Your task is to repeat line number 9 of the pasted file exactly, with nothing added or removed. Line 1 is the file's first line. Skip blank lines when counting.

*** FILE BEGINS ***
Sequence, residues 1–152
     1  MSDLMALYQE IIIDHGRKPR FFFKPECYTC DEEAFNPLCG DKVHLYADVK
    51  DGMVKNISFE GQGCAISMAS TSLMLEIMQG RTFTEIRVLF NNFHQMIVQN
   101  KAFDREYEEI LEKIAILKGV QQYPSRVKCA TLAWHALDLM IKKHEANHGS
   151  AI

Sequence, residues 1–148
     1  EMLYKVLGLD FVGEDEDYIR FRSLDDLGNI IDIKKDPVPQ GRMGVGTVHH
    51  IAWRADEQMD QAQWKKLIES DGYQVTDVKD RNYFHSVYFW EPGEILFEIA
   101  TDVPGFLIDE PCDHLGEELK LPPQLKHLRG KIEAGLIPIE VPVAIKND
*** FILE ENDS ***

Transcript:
   101  TDVPGFLIDE PCDHLGEELK LPPQLKHLRG KIEAGLIPIE VPVAIKND